.
      Hence, both aldosterone and insulin stimulate ENaC. Aldosterone can function as an acute ENaC agonist in human, rabbit, and canine cells but not in rat and mouse principal cells (
      • Zhou Z.H.
      • Bubien J.K.
      ). Also, aldosterone can act via the mineralocorticoid receptor to produce genomic effects. Of particular interest is aldosterone-mediated stimulation of expression of the Na+/K+-ATPase because this transporter plays in integral role in collecting duct reabsorption on the basolateral membrane of renal collecting duct principal cells. The end result is that both insulin and aldosterone act on ENaC to produce excessive and physiologically inappropriate reabsorption of K+ with the concurrent loss of potassium from the extracellular fluid.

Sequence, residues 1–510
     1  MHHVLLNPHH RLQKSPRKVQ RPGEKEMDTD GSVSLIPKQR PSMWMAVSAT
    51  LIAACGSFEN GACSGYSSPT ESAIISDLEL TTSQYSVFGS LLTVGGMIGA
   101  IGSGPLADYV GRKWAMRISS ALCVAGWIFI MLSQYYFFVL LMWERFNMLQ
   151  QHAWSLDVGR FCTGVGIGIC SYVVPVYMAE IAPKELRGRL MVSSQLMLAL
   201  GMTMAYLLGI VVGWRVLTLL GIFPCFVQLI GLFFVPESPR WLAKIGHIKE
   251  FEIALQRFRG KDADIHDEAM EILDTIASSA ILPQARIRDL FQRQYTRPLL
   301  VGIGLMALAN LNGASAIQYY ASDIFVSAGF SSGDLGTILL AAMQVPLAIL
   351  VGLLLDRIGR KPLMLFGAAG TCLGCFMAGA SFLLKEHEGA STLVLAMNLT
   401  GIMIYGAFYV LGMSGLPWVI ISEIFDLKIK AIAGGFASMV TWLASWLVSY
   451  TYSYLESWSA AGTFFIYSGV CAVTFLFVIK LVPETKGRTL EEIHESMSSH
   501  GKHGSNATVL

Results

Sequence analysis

Obesity and Hypertension

      More Americans are becoming obese daily. National health statistics for 1999 state that 26% of the entire United States population was obese, having a body mass index of >30. Obesity has increased since 1999. Obesity is the most visually obvious symptom of a serious medical situation. Obesity is often accompanied by significantly elevated blood pressure. As obese individuals progress into the fourth and fifth decades of life, hypertension becomes an overriding medical concern. One not-so-obvious problem with obesity-related hypertension is that it is often resistant to conventional antihypertensive therapy, primarily consisting of a beta blocker, a diuretic (usually hydrochlorothiazide), and an angiotensin-converting enzyme inhibitor or an angiotensin II receptor blocker (
      • Calhoun D.A.
      • Jones D.
      • Textor S.
      • Goff D.C.
      • Murphy T.P.
      • Toto R.D.
      • White A.
      • Cushman W.C.
      • White W.
      • Sica D.
      • Ferdinand K.
      • Giles T.D.
      • Falkner B.
      • Carey R.M.